War of the Rebellion: Serial 013 Page 0894 THE PENINSULAR CAMPAIGN, VA. Chapter XXIII.

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ranks greatly reduced by sickness, caused by the hardships we had to undergo in our retreat from Hanover Court-House, we had to contend with the enemy in the recent terrible engagements before Richmond under many disadvantages, but our loss-150 killed and wounded out of an effective force of 480, including the ambulance corps, about onethird-will show how nobly the Twenty-eighth behaved in this great struggle for independence.

I would respectfully call to your attention Captain T. James Linebarger, of Company C; Captain D. A. Parker, of Company D; also First Lieutenant N. Clark, of Company E; First Lieutenant E. G. Morrow, of Company G; First Lieutenant W. W. Cloninger, of Company B; Second Lieutenant J. W. Randle, of Company D; Second Lieutenant George W. McCauley, of Company G; Second Lieutenant Robert D. Rhyne, of Company B, as all of these officers behaved with great gallantry and bravery. Sergt. Major Milton A. Lowe, on the battle-field of the 27th and 30th, more than once proved himself a brave and fearless young defender of Southern rights, and has won the admiration of all who saw him. Color-bearer J. P. Little, of Company C, was wounded on the 27th, but was at his post again in a short time.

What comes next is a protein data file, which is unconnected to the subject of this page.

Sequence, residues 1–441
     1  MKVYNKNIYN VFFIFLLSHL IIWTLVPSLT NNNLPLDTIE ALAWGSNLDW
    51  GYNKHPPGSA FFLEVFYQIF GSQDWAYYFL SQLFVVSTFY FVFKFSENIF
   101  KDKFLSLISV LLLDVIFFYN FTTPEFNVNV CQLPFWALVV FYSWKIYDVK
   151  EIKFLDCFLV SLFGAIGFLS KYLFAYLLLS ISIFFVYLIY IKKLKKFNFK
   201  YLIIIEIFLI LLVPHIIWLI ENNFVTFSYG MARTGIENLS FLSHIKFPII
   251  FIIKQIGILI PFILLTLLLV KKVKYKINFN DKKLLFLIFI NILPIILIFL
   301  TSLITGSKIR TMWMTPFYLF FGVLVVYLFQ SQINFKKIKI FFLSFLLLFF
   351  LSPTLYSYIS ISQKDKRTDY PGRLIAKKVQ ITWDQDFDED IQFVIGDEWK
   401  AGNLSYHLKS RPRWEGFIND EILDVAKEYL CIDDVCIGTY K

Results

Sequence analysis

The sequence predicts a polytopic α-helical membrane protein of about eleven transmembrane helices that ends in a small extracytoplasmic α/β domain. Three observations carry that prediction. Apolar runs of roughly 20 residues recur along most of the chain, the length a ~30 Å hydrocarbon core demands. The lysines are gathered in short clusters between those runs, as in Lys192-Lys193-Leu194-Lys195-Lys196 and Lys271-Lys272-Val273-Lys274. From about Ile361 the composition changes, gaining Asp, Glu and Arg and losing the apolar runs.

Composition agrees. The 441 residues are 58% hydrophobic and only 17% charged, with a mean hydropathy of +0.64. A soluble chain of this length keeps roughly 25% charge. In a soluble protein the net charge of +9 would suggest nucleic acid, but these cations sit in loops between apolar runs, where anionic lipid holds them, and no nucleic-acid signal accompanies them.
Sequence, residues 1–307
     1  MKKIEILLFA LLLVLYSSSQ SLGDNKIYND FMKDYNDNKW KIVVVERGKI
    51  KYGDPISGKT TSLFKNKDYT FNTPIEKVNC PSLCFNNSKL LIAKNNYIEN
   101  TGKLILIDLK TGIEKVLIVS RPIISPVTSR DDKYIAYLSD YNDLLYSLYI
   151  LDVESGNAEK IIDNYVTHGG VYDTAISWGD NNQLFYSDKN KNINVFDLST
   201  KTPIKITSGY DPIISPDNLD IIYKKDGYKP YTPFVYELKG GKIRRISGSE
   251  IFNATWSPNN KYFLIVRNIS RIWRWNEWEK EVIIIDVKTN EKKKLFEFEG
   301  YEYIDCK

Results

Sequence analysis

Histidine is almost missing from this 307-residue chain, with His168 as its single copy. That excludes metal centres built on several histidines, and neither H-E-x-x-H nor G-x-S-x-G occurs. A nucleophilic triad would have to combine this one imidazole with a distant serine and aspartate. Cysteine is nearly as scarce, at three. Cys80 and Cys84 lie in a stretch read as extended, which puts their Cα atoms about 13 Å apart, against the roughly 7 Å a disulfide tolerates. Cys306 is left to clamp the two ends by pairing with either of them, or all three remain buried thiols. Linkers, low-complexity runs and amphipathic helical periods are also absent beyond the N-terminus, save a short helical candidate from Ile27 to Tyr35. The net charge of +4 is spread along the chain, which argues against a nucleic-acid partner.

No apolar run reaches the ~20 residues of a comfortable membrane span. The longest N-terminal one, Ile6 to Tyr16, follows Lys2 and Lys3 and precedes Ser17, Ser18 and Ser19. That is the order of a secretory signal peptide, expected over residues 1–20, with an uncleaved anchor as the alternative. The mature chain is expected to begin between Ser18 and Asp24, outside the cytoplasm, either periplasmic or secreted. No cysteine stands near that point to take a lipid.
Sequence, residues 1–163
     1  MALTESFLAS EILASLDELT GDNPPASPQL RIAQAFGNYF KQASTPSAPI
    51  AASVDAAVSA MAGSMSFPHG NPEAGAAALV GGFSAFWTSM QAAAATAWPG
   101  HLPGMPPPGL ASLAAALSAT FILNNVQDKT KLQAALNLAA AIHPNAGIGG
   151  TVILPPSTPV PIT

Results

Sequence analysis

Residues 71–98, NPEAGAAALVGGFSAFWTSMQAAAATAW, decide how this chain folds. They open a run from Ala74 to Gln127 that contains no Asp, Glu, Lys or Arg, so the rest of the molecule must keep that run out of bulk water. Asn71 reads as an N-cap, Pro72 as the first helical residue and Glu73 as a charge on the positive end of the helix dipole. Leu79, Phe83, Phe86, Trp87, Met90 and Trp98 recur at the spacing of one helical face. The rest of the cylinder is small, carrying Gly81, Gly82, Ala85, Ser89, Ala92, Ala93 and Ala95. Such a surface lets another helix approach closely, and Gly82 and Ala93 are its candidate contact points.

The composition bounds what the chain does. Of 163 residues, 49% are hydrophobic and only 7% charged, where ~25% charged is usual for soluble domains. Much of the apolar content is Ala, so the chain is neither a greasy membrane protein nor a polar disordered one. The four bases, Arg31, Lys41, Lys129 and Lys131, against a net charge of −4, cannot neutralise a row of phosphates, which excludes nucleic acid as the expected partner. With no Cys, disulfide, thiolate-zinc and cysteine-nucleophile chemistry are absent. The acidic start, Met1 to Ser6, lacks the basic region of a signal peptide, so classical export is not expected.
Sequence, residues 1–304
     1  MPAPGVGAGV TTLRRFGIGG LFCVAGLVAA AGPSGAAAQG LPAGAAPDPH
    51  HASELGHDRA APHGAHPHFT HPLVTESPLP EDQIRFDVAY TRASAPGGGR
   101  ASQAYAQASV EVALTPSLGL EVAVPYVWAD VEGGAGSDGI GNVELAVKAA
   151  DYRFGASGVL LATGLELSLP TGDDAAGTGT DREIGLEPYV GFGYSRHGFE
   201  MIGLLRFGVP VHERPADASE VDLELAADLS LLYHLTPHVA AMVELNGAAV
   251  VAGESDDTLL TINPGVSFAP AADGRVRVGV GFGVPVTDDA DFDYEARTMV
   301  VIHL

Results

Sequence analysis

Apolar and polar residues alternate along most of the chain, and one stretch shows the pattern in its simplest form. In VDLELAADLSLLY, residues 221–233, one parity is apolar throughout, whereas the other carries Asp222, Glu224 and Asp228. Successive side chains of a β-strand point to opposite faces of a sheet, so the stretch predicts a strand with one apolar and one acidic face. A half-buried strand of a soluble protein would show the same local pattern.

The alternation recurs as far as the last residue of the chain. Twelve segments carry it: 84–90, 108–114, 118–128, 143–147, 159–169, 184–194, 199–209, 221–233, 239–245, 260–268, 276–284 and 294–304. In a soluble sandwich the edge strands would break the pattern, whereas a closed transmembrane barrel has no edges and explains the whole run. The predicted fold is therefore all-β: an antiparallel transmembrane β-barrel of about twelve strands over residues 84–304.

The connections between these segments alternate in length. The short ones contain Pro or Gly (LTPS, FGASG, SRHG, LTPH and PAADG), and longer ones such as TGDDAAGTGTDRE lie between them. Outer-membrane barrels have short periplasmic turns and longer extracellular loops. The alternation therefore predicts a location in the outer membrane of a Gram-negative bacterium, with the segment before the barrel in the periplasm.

Colonel, Commanding Twenty-eighth Regiment North Carolina Vols.

Brigadier General L. O'B. BRANCH,

Commanding Fourth Brigade, Light Division.

No. 345. Report of Lieutenant Colonel Robert F. Hoke,

Thirty-third North Carolina Infantry, of the battles of Mechanicsville, Gaines' Mill, Frazier's Farm [Nelson's Farm, or Glendale], and Malvern Hill.


DREAM GENERAL: On June 25 you called the commanding officers of your brigade together and informed us of the intended [plan] and manner of attack upon the enemy, who were on the north side of the Chickahominy, and at the same time ordered me to have my command ready to move at 5 p.m., with three days' rations. I, having five companies on picket at the Crenshaw Bridge, was ordered to take command at that point, while the other five companies, under Major Cowan, would march with the brigade and cross the river at the telegraphic bridge, and move down the river in order to drive the enemy from their position. My orders were that I should cross the river with the five companies as soon as I heard firing and make an attack in the rear of the enemy.

About 12 o'clock on the 26th I heard sharp skirmishing, and drew in my pickets in order to cross, and while doing so could see that the enemy were in full retreat. While crossing the river I received a dispatch from your ordering me to join the command, and from that point we marched to Mechanicsville, and reached that place under a most terrific fire of shot and shell. About 10 p.m. the firing ceased and we were ordered to lie in our position upon our arms.